Identity Theft Vulnerabilities

April 26, 2023 by
Mark Nash

You wouldn't think a child's toy could lead to a breach of your personal data, but you might be surprised by how common that is. What about your trashcan sitting outside? It might be a treasure trove for an identity thief if you aren't careful about what you throw away. Many everyday objects can lead to identity theft, and they often get overlooked because people focus on their computers and cloud accounts. It's essential to have strong passwords and use antivirus on your PC, but you also need to be wary of other ways that hackers and thieves can get to your personal data. Here are six common things that criminals can use to steal your information.

Old Smart Phones

People replace their smartphones about every two and a half years. However, those old phones don't just disappear, and unless properly cleaned, they still contain all the old personal data stored on them. Our phones hold much of our data; they have synced connections with cloud services, banking apps, business apps, personal health apps, and more. And that's before we even mention any photos and videos stored on the phone. A cybercriminal could easily strike data theft gold by finding an old smartphone. Old phones often end up at charity shops or in the trash. Make sure that you properly clean any old phones by erasing all data. You should also dispose of them properly; don't just throw electronics away like regular garbage.

Wireless Printers

Most printers are wireless these days, which means they are part of your home or work network. Printing from another room is convenient, but the fact that your printer connects to the internet can leave your data at risk. Most people don't think about printers when putting data security protections in place, which leaves them vulnerable to a hack. Hackers can get more data from the printer than you might expect, such as tax paperwork, contracts, or anything else you have printed from it. They could also leverage the weak security to use it as a starting point to breach other devices on the same network. Protect printers by ensuring you keep their firmware updated. You should also turn it off when you aren't using it since a device without power is a device that can't be hacked.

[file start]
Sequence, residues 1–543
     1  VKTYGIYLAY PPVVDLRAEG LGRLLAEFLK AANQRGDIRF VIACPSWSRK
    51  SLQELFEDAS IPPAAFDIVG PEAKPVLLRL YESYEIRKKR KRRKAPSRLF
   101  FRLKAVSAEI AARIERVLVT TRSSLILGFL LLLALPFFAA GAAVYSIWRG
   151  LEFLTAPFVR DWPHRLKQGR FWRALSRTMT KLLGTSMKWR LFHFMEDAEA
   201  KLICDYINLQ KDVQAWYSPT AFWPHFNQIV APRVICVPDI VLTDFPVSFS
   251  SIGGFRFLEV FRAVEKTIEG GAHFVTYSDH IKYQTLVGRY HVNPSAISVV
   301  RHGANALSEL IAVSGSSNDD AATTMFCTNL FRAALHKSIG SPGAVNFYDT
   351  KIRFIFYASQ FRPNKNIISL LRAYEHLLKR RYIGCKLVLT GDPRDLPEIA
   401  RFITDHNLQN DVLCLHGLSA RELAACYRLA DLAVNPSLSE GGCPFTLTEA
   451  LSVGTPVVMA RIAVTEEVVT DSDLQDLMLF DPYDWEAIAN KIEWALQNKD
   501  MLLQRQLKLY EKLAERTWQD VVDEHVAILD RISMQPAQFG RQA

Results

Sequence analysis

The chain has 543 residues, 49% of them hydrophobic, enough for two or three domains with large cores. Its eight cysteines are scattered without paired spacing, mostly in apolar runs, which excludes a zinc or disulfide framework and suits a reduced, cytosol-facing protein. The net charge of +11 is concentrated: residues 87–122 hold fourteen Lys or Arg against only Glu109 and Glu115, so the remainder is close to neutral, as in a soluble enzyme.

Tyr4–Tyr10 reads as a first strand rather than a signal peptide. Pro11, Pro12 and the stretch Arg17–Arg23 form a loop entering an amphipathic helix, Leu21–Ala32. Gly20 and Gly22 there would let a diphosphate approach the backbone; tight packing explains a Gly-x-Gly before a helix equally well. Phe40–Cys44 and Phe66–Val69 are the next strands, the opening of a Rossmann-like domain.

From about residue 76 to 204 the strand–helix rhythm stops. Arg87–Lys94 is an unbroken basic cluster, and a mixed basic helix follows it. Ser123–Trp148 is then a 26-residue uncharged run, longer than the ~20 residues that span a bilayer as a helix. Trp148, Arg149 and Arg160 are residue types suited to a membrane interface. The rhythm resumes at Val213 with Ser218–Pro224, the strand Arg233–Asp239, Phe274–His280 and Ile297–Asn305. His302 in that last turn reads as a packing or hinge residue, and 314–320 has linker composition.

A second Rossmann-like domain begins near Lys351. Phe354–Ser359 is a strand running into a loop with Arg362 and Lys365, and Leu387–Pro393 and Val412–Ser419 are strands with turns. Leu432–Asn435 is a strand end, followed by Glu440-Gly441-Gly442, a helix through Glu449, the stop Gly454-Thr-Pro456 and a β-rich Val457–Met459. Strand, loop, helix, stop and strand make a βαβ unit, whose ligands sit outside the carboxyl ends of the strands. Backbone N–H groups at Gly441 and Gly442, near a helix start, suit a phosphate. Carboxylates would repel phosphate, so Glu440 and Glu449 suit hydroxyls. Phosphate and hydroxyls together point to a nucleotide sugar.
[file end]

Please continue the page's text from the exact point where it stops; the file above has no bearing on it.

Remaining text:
USB Sticks

Have you ever run across a USB stick lying around? Regardless of whether you want to keep it for yourself or try and find its owner, you should never plug a USB device of unknown origin into your computer. This is an old trick in the hacker's book; they plant malware on these USBs and then leave them around as bait. As soon as you plug it into your device, it can infect it.

Old Hard Drives

When you are disposing of an old computer or old removable drive, make sure it's clean. Just deleting your files isn't enough; computer hard drives can have other personal data stored in the system and program files. Plus, if you're still logged into a browser or any websites, a lot of your personal data could be at risk. Browsers can store passwords, credit cards, visit history, and more. It's best to factory reset any devices before you get rid of them.


Identity theft criminals aren't only online; they can also be found scouring through neighborhoods on trash day. Be careful what you throw out in your trash because it may also enable identity theft. Your trash could hold voided checks, old bank statements, and insurance paperwork. Any of these items could have the information thieves need to commit fraud or pose as you. Even things you only think of as "junk mail" could be dangerous, such as pre-approved credit card offers. A paper shredder is the best choice in this situation. You should shred any documents that contain personal information before you throw them out. This extra step could save you from a costly incident.

Children's IoT Devices

Toys may seem totally innocent, but there has been a rise in "smart" toys, and anything connected to the internet is vulnerable to hacking. Mattel's Hello Barbie was found to have weak security, enabling the theft of personal information and spying through its microphone. These futuristic toys may seem cool but often don't take sufficient precautions regarding their data security. Cybercriminals also zero in on these IoT toys, knowing they aren't going to be as hard to breach. You should be wary of any new internet-connected devices you bring into your home, that includes toys! Install all firmware updates, and do your homework to see if a data breach has involved the toy.